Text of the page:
By action of the Grand Lodge at its session in Los Angeles, in 1921, such a journal was established, under the name of THE ELKS MAGAZINE, to be published monthly and mailed to every member of the Order to his home address.
From its inception it has been maintained as a magazine of the highest standards, both in physical make up and in literary content. It has achieved its purpose to become a welcome visitor in any home, a valuable addition to and reading table. It has conclusively proved its effectiveness as a medium for conveying to every member of the Order fraternal information of benefit to him, official communications , news of Subordinate Lodge activities in which he is naturally interested, and other matters of distinctly fraternal import.
The foremost writers of the country contribute of their best work to its pages. Its illustrations are from the hands of the most noted artists. Its cover designs are of uniform excellence and distinction, comparing favorably with those of the best periodicals of the country.
It has established itself as a desirable publicity medium for national advertisers, which is perhaps the best evidence of its popularity. And from this source it derives a revenue which, with its income from subscriptions, has enabled it to show consistent annual net earnings of substantial sums, which have been available to the Grand Lodge.
The Elks National Memorial Building
More than 70,000 members of the Order of Elks were in the service of our country during World War I. They served in every branch of the military and naval establishments, and in every rank. Over one thousand of them made the last supreme sacrifice in that service, and laid down their lives in the exemplification of that patriotic loyalty and devotion to which they had pledged themselves at the fraternal altars of the Order. It was recognized as a duty, in accord with every tenet, that the Order should provide a suitable memorial to those heroes whose valor and sacrifice had shed over it such a radiance of glory.
At the session of the Grand Lodge at Los Angeles, in 1921, that body approved the recommendation of the Commission to which the matter had been referred, and provided for the construction of a great memorial building, itself a stately monument, which should contain distinctive features in fitting commemoration of the service and sacrifice designed to be honored, and in which the administrative headquarters of the Order should be maintained.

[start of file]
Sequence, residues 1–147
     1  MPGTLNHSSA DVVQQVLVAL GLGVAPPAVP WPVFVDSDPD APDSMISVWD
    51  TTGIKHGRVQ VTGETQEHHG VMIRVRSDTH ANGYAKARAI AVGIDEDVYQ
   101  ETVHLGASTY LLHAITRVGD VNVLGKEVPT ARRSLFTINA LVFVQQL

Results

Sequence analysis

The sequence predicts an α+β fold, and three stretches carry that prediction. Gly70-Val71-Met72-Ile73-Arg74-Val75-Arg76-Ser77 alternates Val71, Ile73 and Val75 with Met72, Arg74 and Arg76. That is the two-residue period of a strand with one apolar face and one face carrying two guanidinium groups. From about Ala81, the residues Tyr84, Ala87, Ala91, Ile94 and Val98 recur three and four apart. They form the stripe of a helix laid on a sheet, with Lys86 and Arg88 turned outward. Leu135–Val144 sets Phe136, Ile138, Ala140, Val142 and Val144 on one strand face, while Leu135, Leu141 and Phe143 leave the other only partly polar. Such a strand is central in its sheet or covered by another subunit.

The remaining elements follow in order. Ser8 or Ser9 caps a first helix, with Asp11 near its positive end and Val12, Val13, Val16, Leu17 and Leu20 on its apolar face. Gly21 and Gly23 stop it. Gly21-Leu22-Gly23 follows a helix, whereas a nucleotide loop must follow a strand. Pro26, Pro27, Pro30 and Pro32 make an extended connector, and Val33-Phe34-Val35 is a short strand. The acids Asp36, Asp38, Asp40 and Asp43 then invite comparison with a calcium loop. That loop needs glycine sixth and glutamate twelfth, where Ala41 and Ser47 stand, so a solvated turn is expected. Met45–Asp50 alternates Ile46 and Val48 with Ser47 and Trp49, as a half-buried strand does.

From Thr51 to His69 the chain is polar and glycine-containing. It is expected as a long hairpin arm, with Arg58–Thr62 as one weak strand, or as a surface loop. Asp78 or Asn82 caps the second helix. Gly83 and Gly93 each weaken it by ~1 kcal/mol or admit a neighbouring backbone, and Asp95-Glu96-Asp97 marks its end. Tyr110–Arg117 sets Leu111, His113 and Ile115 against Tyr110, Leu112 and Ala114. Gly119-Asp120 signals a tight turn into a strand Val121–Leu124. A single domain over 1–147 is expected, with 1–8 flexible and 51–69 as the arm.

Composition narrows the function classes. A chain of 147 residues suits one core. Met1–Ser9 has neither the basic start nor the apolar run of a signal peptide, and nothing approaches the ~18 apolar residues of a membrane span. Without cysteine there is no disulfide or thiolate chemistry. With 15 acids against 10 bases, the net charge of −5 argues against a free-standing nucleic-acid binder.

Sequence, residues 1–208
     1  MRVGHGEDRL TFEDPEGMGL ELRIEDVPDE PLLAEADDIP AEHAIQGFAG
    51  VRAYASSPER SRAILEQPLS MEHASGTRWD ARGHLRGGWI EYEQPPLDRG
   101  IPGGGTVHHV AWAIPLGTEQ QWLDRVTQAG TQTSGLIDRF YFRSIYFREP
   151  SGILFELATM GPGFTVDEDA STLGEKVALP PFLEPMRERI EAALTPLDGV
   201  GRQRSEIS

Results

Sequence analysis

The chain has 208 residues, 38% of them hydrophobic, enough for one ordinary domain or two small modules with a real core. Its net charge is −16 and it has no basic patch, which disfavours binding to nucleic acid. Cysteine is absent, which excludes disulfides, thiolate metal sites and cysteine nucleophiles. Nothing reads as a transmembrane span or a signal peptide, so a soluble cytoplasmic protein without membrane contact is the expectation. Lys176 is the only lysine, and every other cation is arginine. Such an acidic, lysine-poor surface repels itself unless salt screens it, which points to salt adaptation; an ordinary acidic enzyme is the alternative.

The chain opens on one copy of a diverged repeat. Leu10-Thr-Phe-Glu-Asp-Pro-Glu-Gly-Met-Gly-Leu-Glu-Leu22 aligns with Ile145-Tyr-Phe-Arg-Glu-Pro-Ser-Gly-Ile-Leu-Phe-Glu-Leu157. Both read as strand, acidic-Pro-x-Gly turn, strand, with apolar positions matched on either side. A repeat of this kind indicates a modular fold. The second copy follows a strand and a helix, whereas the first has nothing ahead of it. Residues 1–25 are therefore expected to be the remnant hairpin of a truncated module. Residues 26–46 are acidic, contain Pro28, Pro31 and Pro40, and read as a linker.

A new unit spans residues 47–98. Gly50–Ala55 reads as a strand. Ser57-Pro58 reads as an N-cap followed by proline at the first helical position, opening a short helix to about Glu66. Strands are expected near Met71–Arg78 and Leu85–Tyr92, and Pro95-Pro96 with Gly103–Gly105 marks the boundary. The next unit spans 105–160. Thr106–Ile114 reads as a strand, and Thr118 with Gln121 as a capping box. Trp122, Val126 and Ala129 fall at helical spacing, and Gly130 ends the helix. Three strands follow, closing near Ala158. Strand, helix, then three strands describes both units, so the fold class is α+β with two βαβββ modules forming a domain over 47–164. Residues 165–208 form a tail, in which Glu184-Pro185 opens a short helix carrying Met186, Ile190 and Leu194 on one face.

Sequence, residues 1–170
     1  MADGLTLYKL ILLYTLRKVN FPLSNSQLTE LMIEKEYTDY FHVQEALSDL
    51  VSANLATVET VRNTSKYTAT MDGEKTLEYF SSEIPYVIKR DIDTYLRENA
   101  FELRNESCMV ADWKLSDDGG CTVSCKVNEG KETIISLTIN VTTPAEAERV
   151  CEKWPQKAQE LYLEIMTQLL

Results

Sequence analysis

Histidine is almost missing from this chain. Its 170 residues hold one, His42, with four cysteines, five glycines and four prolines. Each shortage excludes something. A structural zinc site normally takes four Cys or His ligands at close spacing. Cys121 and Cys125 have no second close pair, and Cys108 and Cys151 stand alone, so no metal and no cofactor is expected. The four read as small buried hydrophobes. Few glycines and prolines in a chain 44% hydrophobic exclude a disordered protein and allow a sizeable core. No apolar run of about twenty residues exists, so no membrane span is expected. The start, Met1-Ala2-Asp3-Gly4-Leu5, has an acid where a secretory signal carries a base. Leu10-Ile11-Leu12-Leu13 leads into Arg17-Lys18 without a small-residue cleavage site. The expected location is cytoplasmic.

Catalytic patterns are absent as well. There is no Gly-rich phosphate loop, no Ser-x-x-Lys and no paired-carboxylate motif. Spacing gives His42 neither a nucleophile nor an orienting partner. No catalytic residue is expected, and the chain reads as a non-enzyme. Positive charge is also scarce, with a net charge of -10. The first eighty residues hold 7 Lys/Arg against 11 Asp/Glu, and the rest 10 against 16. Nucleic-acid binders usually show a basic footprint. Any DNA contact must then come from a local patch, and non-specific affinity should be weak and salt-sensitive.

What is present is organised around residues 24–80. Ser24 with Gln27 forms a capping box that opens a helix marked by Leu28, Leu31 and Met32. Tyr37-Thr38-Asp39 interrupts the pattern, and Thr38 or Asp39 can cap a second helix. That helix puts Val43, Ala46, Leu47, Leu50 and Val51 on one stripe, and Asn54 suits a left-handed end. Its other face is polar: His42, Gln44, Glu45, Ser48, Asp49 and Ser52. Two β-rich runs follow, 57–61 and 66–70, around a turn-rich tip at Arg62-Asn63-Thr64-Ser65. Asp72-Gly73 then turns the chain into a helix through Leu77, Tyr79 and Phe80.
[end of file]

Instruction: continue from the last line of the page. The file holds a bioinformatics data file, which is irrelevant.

The site selected for the Memorial is located at the corner of Lake View Avenue and Diversey Parkway, in the City of Chicago. It has a spacious frontage on Lincoln Park, across which one looks out upon Lake Michigan. Upon this site, after five years of intensive but carefully directed construction the Memorial Building was completed and was dedicated on July 14, 1926. The artistic embellishments required another five years. It is impossible to avoid superlatives even in the briefest description of this Memorial. The architectural design is so stately and so beautiful, the material of its construction is so enduring, the setting is so appropriate and commanding, and its memorial features so distinctive yet so artistic, that the attention of all beholders is arrested. It has been acclaimed by competent critics as one of the great memorial buildings of the world.
Nowhere has there ever been such a quantity, and variety of beautiful marbles, from all parts of the world, employed in any one structure.
The great frieze belting the exterior of the central rotunda depicting "Triumphs of War" and "Triumphs of Peace," is the most extensive work of its kind in the world. It is the finest example of this type of sculpture in America.
Everywhere the eye turns, as one stands facing the building, there is a work of art of appealing beauty. The great bronze elks, flanking the entrance; the bronze groups, "Patriotism" and "Fraternity" set in the facades of the pavilions; the wonderful bronze door giving entrance to the rotunda; all are masterpieces of famous artists.
Within one stands awed at the beauty of the great mural panels; the statues emblematic of the four cardinal virtues of the Order; the exquisite marble columns of every variety of coloring; the great sweep of the rotunda with its vaulted ceiling high above; the matchless paintings -- "JUSTICE" "CHARITY" and "FRATERNITY."
And in the great Reception Room beyond are other magnificent mural paintings and other works of art, each one appropriate to the memorial character of the structure.